Insurance & Reinsurance

At the EU level, Commission staff have adapted to working from home but are aware of the challenges in dealing with tight timeframes presented by merger notifications (including securing meaningful input from industry participants which may be affected by a transaction).  The Commission has therefore issued an appeal to request parties to delay merger filings as much as possible.  Other authorities have indicated that review timeframes may be extended.

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It is important to remember that as businesses struggle in these times to cope with issues like distribution, sourcing ingredients, components and other resources, they may look to collaborate with rivals.   In fact, many businesses have been doing exactly that.  Collaboration between competitors can be perfectly benign and may no anti-competitive effects (for example, in setting standards, lobbying efforts).  However, competition rules do apply and coordination of prices, market sharing, cost allocation, coordinated output reductions or sharing competitive sensitive information, would be prohibited.  Some restrictions are regarded as ‘hard core’ and rarely worthy of exemption (price fixing, customer and market allocations and quantity restrictions).  Penalties for infringement could lead to significant fines and possible private damages litigation.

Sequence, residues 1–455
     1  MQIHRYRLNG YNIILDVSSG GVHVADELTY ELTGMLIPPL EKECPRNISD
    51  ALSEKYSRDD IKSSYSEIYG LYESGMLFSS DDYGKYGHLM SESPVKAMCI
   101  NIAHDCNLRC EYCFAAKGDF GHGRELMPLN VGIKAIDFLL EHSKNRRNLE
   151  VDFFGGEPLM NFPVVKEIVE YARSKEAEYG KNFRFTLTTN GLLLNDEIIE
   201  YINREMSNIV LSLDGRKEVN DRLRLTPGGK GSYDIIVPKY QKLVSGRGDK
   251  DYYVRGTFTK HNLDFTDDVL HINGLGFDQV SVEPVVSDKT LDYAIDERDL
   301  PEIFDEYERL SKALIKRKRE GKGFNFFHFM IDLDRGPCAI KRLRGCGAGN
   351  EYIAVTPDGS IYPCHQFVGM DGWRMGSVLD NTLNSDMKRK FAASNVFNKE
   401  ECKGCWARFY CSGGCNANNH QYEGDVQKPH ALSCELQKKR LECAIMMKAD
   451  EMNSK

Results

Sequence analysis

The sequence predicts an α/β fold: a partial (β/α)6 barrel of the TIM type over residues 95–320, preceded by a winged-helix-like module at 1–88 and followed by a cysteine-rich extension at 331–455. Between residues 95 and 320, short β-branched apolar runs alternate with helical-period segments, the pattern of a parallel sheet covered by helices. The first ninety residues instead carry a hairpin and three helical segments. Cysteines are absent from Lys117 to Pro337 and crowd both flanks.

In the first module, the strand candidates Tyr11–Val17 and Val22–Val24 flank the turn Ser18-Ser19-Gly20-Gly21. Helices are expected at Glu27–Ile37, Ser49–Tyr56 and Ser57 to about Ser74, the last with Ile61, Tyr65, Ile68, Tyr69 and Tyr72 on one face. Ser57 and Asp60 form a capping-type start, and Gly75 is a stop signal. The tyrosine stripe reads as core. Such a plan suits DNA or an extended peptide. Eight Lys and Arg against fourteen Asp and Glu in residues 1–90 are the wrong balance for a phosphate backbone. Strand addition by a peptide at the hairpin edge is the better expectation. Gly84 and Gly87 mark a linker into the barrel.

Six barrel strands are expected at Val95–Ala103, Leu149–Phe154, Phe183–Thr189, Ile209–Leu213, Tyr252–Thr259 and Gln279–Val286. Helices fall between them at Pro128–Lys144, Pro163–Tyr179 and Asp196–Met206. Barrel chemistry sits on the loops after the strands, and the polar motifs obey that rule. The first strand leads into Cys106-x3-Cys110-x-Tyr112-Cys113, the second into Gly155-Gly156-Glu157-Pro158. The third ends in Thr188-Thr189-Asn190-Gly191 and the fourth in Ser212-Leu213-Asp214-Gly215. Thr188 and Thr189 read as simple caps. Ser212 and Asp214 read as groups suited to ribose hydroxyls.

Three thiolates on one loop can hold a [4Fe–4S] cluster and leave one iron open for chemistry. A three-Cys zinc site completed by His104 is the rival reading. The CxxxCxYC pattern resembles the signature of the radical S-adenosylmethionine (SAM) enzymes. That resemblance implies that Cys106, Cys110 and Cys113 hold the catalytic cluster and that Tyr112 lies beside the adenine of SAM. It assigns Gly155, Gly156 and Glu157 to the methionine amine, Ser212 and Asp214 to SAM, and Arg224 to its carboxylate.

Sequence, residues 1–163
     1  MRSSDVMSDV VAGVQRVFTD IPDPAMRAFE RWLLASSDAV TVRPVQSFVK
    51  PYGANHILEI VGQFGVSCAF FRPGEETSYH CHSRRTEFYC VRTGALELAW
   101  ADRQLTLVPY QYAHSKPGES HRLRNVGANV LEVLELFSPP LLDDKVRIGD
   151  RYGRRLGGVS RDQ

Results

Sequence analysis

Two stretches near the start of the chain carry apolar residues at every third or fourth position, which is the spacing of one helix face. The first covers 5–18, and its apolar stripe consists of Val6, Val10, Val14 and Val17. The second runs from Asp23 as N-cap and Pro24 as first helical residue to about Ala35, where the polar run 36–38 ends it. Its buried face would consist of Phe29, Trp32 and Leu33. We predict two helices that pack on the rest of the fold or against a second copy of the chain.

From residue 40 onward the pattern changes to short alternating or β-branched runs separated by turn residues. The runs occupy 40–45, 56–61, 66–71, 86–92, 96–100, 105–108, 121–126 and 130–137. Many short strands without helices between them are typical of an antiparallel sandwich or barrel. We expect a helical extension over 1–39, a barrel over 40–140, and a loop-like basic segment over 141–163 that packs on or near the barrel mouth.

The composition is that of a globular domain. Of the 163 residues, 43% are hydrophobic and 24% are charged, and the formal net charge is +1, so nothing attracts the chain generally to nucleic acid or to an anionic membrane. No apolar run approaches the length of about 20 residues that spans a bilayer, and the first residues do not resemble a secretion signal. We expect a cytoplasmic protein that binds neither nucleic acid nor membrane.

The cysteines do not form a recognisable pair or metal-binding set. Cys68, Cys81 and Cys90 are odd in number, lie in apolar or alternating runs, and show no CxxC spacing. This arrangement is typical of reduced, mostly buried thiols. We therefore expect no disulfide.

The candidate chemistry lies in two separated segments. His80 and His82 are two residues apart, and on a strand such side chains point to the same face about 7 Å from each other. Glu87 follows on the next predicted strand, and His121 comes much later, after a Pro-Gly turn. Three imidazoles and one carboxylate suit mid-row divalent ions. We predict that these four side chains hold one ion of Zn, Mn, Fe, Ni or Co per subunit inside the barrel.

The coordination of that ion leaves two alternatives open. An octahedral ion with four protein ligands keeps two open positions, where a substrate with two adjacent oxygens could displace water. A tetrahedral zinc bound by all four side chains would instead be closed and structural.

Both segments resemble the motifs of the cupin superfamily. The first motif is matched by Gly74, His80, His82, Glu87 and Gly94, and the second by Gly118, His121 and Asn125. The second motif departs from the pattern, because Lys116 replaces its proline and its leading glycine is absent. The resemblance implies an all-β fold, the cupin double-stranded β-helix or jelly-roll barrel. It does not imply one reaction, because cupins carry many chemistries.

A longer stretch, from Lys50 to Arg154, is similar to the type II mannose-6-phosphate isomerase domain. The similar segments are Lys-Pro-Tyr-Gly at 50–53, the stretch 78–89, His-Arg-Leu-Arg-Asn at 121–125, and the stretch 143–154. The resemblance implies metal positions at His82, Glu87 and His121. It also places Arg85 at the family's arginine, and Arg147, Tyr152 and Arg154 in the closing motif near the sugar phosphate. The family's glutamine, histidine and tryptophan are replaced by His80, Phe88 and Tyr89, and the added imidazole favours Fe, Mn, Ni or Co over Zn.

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Perhaps the first authority to warn about the perceived risks, the UK’s CMA issued a warning on 6rh March 2020 to traders about taking advantage of the COVID-19 pandemic.  CMA chief executive Andrea Coscelli said: “We urge retailers to behave responsibly throughout the coronavirus outbreak and not to make misleading claims or charge vastly inflated prices. We also remind members of the public that these obligations may apply to them too if they resell goods, for example on online marketplaces.”  This warning was triggered by the rising cost of hand sanitisers.  The CMA went on to warn that it would take enforcement action against those suspected of such conduct and, if necessary, would also consider requesting the Government to introduce price controls.  It has created a taskforce to monitor market behaviour during the crisis.  Details about the Taskforce, its mandate and how to lodge complaints can be found here.

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In recent months we have seen a number of horizontal mergers being scrutinized under national and EU merger rules. Since the fall-out from the Siemens/Alstom merger refusal, we have also seen a number of ministers from member states, including Poland, France and Germany, call for increased tolerance and indeed support for the emergence of so-called ‘national champions’. Recently in March there have been calls for companies to ‘reshore’ operations which they had outsourced to other countries – including not only third countries but also other member states. Targets included Peugeot and Renault and there have been calls for the European Commission to provide support for such moves.